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10 Facts About Sanitation in Cuba

10 Facts About Sanitation in Cuba
Although the Cuban Communist Party has relaxed some aspects of the nation’s government-directed socialist economic policies, Cuba remains one of the world’s only communist states. Cubans face many economic challenges due to their somewhat politically isolated status, especially since the dissolution of the Soviet Union and subsequent loss of Soviet aid. Despite this, Cuba perseveres and continues to address domestic quality of life concerns. Here are 10 facts about sanitation in Cuba.

10 Facts About Sanitation in Cuba

  1. Water Shortages: The extreme drought in 2017 highlighted the limitations of Cuba’s outdated water infrastructure and revealed the Cuban government’s inability to quickly mitigate water shortages. Urban residents without water could request government water delivery, but the overburdened government struggled to respond adequately. Instead, citizens often turned to the black market to acquire water.
  2. National Hydraulics Program: The second point among these 10 facts about sanitation in Cuba is that the country’s ancient water pipelines are prone to leakage and inconsistent water flow, often resulting in flooded streets and homes without running water. Even in periods of drought, water loss and inefficient water distribution are more of an obstacle than a straight lack of water. To correct these problems, Cuba implemented a national hydraulics program funded with loans from OPEC, Saudi Arabia, China and others. So far, workers have installed 227,000 new water meters and cut water loss by 10 percent.
  3. Water and Sanitation Improvements: As of 2015, access to drinking water and sanitation facilities had improved drastically. Many (94.9 percent) of the population has improved access to drinking water sources in the form of safely piped water, clean public taps and rainwater collection while 93.2 percent have better access to sanitation facilities. These improvements are more apparent in urban settings, as 96.4 percent of city-dwellers and only 89.8 percent of the rural populace have benefited from refurbished water infrastructure. Droughts have disrupted the available and consistent delivery of clean water, but Cuba continues to revamp its water and sanitation infrastructure.
  4. Environmental Challenges and UNESCO: Decades of periodic oil spills and the release of wastewater into the historic Bay of Cienfuegos has harmed Cuba’s fishing industry, damaged the environment and threatened tourism. UNESCO’s designation of the bay as a protected World Heritage site spurred some environmental recovery efforts. Cuba’s government estimates that restoration will cost approximately 1 million pesos.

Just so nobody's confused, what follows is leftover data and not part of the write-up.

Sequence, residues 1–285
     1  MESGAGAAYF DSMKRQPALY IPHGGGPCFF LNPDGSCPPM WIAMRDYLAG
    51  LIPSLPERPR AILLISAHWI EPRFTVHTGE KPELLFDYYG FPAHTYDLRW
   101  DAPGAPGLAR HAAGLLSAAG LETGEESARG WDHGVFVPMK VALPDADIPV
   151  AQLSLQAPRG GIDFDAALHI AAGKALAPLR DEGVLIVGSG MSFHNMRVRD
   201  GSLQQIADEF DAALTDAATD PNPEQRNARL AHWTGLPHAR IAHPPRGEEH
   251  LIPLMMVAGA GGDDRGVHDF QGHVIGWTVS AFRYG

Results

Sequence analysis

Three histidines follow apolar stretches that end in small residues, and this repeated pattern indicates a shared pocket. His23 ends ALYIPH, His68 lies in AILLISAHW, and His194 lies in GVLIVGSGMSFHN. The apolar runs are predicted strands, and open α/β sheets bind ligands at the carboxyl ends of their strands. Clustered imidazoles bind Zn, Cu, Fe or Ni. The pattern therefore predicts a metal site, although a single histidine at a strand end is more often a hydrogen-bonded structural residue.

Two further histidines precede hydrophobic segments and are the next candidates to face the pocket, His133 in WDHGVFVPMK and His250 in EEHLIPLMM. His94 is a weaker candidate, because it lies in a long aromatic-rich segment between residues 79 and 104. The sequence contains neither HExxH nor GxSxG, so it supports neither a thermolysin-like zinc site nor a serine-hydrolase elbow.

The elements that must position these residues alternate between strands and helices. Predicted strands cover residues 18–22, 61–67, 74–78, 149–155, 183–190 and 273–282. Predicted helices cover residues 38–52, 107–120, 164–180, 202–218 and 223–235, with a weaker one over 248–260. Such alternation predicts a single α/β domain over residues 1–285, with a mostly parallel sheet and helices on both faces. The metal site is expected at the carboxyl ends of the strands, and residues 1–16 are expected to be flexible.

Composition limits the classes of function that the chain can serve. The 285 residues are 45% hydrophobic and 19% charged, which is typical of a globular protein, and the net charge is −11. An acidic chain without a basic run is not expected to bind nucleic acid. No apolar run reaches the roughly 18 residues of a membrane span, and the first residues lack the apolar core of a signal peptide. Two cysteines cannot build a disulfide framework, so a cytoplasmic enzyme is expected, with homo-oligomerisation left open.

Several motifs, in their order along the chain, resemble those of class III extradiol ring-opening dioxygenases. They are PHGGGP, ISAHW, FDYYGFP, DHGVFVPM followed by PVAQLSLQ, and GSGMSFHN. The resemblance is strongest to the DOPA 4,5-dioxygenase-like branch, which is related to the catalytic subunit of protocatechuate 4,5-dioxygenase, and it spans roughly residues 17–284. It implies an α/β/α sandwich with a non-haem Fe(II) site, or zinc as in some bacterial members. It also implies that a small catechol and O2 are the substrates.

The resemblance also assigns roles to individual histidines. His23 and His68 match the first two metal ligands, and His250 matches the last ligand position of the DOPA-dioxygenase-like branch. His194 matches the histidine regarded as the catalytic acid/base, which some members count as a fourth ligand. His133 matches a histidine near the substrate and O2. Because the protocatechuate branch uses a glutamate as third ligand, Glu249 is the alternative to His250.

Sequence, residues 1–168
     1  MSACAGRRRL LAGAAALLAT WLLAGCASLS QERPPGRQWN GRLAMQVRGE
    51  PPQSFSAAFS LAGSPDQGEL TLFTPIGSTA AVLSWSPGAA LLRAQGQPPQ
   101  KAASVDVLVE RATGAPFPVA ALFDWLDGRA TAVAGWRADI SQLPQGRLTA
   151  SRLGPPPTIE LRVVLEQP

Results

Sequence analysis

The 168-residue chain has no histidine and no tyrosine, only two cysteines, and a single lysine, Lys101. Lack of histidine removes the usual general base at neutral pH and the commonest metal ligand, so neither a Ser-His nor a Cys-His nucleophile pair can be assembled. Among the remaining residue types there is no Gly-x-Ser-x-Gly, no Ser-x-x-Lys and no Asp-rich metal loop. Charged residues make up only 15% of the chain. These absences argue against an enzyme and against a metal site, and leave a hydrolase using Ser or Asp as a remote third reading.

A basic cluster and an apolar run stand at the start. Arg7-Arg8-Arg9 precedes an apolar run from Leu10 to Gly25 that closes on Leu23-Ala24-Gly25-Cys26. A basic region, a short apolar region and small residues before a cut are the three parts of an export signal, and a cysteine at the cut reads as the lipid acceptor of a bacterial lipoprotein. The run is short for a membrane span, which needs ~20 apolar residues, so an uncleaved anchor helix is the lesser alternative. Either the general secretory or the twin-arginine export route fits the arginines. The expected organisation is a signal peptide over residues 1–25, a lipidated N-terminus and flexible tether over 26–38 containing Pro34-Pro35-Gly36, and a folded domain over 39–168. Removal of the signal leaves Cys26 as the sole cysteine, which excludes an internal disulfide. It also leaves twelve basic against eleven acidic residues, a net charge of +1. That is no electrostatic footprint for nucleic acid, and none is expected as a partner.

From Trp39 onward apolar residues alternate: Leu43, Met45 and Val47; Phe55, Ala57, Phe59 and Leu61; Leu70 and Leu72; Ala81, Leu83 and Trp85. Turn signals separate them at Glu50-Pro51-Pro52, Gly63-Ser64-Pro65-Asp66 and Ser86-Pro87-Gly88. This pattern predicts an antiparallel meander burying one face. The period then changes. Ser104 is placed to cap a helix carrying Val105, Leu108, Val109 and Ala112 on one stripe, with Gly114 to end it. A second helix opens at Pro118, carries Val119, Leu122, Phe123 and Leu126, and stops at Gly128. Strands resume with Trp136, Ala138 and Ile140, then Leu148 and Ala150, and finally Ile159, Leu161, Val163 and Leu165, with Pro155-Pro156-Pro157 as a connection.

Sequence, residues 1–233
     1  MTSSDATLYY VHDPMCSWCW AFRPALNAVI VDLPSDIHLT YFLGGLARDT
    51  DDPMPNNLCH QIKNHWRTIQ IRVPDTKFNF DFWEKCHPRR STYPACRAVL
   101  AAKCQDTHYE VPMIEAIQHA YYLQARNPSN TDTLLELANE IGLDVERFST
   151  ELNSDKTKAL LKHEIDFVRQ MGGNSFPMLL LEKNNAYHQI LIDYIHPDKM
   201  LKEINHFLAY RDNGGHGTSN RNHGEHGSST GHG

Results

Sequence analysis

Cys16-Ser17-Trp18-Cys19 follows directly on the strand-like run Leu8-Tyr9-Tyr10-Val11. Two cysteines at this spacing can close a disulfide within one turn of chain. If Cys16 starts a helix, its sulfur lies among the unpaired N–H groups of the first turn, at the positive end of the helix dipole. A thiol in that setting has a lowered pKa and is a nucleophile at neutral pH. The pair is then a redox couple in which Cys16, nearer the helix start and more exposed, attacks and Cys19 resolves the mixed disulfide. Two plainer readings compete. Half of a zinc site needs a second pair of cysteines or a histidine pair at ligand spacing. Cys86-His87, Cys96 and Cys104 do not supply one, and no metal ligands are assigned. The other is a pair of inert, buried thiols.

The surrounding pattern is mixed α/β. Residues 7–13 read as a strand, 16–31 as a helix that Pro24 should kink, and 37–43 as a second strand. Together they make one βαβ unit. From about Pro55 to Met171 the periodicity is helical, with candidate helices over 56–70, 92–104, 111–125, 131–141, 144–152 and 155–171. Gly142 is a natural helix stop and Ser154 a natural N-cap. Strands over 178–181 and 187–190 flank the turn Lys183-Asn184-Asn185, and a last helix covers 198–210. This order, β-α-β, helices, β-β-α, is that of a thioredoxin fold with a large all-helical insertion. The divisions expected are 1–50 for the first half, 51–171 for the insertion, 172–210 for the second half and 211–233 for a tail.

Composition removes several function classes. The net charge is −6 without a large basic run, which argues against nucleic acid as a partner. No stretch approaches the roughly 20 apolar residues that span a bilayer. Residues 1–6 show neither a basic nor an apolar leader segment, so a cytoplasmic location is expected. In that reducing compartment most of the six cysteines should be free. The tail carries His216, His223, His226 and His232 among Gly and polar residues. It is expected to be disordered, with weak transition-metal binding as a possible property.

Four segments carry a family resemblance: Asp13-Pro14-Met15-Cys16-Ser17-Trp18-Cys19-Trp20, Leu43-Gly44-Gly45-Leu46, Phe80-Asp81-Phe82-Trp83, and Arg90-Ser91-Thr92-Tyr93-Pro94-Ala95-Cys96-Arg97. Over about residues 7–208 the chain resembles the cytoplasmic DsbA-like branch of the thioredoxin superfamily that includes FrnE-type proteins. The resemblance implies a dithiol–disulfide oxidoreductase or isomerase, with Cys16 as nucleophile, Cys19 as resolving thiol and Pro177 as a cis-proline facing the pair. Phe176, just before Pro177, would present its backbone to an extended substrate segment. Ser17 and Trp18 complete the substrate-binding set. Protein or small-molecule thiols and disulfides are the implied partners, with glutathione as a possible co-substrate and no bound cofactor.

5. Class and Demographics: Despite frequent shortages and infrastructure issues, Cuba’s drinking water supply is safe in most parts of the country. However, there are class and demographic divides in water access as the urban poor and rural populations are the most likely to go without, while Cuba often caters to tourists. The goal of Cuba’s hydraulics program is to completely supply the entire population with adequate amounts of clean water so that the Cuban government actively engages itself in fixing these problems.
  6. Water Treatment Facilities: Cuba’s surface water treatment facilities use rapid sand filtration methods, which are not always effective due to a shortage of chemicals and equipment. Consequently, only 62 percent of Cuban citizens have access to clean water. Aiding domestic efforts aimed at fixing Cuba’s water issues, China installed fourteen water purification plants in central Cuba.
  7. Water Affordability: Although clean water is not as readily available as Cubans might desire, it is always affordable. As is the case with most social institutions in Cuba, water utilities receive government subsidies and are therefore cheap. As of 2018, a household of four paid less than $0.25 USD for water service.
  8. Sanitation Infrastructure Improvements: Much of Cuba’s sanitation infrastructure is decades old and does not serve most of the rural population. Cuba is in the process of modernizing its wastewater treatment facilities with assistance from the United Nations Development Program. Additionally, Italy’s TECOFIL is responsible for opening 300 functional and environmentally sustainable wastewater treatment plants.
  9. Benefits of Tourism: Tourism is a critical component of Cuba’s economic activity, so the nation sometimes caters to tourists at the expense of the native populace. While tourists have ready access to clean bottled water, ongoing droughts and other troubles sometimes leave the locals rationing a limited supply of available drinking water. On the bright side, tourism brings international attention to Cuba and may lead to beneficial foreign enterprise along the lines of TECOFIL’s operations.
  10. The EU and UNDP: The EU pledged 600,000 Euros to Cuba in order to combat the effects of the 2017 drought. This fund is to preserve Cuba’s capacity for agricultural production and maintain drinking water supplies. Between 2014 and 2018, the UNDP spent 25.4 million Euros on 46 environmental and biodiversity focused projects in Cuba, including improvements to water quality and quantity. The UNDP plans to intensify its efforts in this regard.

These 10 facts about sanitation show that although the country struggles to provide its citizens with adequate sanitation facilities and consistent clean water supply, the government is taking concrete steps towards improving the status quo. Economic reform and continued foreign investment will contribute to Cuba’s progress.

– Dan Zamarelli
Photo: Flickr